Thursday, November 20, 2008

Alice Neel (Slater's Pick)

Alice Neel was born in Philidelphia in 1900 and lived until 1984.  She is often recognized as one of the great American painters.   While Neel painted landscapes and still lives, she is most known for her portraits.  Her paintings can be distinguished for their playful use of line and color creating expressions of emotional intensity.
Neel was received her degree in art at the Philadelphia School of Design.  Neel is described as a "painter with a strong social conscience and equally strong left-wing beliefs." In the 1930s Neel packed up her belongings and embraced the diversity of Greenwich Village, NY.  She became an activate participant for the Work Progress Administration by painting urban landscapes.  In 1938, Neel moved again, taking her career to Spanish Harlem, painting the Puerto Rican community as well as neighbors, acquaintances and people in passing.  In the 1960s, Neel continued to paint "political personalities, including black activists and supporters of the women's movement."  Neel became a role model for women for supporters of the feminist movement.
I am very moved by Neel's success and devotion to making artwork that is aesthetically pleasing while maintaining a balance of "social conscience " in conjunction with her liberal themes.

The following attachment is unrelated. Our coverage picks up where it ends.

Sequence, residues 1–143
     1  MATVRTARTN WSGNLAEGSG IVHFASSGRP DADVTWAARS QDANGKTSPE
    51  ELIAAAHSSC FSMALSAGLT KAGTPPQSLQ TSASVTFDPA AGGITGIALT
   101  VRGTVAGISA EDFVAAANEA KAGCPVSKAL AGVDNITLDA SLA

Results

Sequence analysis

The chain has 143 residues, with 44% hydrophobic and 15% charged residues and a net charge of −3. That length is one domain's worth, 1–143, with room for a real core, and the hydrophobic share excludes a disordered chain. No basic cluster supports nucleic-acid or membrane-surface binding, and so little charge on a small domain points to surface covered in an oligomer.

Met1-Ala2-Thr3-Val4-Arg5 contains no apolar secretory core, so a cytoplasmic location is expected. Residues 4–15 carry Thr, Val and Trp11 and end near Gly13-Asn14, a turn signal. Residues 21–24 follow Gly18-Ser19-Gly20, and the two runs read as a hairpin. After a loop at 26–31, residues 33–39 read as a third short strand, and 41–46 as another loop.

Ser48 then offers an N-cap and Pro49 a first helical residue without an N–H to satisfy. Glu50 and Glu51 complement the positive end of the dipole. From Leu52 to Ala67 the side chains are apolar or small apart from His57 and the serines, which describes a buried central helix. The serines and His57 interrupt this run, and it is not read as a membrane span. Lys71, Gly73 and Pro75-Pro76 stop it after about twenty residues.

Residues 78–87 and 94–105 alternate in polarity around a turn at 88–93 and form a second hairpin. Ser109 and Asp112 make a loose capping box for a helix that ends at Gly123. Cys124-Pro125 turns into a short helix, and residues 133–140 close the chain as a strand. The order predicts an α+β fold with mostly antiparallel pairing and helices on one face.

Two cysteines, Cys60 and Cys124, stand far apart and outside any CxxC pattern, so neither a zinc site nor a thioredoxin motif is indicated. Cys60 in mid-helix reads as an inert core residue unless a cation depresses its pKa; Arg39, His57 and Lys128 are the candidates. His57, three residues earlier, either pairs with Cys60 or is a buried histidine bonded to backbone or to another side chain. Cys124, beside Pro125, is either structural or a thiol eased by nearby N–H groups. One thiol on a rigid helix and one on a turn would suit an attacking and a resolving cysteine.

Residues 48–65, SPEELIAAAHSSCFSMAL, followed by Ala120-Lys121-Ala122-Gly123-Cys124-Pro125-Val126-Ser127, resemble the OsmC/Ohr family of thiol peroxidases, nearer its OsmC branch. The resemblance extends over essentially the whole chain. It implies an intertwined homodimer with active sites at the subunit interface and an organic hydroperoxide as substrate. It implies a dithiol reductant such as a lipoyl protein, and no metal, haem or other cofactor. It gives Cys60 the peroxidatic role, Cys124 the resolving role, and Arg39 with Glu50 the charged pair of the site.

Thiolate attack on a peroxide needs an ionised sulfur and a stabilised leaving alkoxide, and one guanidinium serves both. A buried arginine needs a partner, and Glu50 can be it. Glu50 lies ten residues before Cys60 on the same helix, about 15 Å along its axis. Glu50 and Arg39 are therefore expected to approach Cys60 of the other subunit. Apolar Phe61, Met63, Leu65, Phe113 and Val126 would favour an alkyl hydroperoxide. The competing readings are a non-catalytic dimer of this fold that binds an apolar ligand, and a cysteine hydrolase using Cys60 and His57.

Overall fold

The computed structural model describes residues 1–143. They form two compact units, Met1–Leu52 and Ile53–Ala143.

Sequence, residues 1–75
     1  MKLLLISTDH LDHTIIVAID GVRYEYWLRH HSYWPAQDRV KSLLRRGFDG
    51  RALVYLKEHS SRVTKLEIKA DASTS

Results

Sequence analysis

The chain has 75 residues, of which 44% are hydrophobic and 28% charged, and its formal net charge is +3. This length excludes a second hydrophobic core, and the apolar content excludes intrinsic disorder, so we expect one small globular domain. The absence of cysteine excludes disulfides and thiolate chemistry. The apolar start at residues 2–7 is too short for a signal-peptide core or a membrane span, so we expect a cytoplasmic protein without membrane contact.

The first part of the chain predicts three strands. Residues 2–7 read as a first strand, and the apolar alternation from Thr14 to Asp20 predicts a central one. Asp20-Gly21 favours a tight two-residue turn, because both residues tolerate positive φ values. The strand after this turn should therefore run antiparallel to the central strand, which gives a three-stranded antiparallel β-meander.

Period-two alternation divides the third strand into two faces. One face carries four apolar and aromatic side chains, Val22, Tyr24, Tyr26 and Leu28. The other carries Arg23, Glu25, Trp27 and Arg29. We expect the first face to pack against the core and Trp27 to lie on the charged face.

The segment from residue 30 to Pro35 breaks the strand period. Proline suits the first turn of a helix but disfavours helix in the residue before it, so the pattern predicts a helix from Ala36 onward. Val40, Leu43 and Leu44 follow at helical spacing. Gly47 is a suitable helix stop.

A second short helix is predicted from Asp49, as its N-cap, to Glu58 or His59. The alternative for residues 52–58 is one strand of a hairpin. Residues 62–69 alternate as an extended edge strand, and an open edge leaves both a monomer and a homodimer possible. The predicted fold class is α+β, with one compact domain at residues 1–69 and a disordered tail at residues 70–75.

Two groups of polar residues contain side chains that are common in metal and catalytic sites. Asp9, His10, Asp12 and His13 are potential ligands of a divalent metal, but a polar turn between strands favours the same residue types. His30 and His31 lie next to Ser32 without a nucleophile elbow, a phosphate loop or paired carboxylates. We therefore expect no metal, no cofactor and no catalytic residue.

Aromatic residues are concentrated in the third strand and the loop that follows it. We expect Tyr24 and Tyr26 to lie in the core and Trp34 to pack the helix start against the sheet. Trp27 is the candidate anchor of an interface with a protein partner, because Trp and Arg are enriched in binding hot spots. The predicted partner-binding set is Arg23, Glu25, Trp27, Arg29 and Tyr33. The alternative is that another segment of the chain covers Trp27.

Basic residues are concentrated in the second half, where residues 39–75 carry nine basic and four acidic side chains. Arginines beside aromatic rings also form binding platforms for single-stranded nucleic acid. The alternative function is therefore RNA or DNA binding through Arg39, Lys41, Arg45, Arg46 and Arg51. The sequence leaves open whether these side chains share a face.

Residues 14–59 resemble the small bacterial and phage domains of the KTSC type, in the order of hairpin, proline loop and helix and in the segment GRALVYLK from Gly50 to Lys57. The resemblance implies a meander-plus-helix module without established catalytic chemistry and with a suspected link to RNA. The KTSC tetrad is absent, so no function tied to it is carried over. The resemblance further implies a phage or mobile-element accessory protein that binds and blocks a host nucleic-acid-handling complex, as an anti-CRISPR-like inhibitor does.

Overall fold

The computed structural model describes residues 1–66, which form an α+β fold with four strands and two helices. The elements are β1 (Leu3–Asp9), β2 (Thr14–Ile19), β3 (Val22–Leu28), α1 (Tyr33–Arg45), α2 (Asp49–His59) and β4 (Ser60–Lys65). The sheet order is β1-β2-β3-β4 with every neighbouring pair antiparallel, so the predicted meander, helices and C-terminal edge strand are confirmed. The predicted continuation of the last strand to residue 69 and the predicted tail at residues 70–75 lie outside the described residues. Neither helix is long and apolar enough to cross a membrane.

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audrey said...

these portraits are all really emotionally charged. it's all in their eyes since most of them are focused on you, the viewer. while rendering someone's features perfectly is impressive and beautiful, sometimes it's nice to remember that that is not most important. the eyes and the emotional quality left behind for us is. Neel's works portray this well.

Janna said...

Oh I'm glad you picked her... I was just thinking a while ago about how your work reminds me of Alice Neel's.

Jenny said...

I think that this artist works well for you in that you have been focusing on expressions in the human face. You also mention Neel has worked with “people in passing,” something I know is your intent as well. You mentioned you work from people who come across in your life (some you may know better than others). There is an emotion to Neel’s paintings through their almost “quiet” faces. The pictures you posted show closed mouths, but it is in their eyes and position that explains it well for me. The woman with her baby is a very powerful image. I get an immediate feeling of surprise and protection from the mother.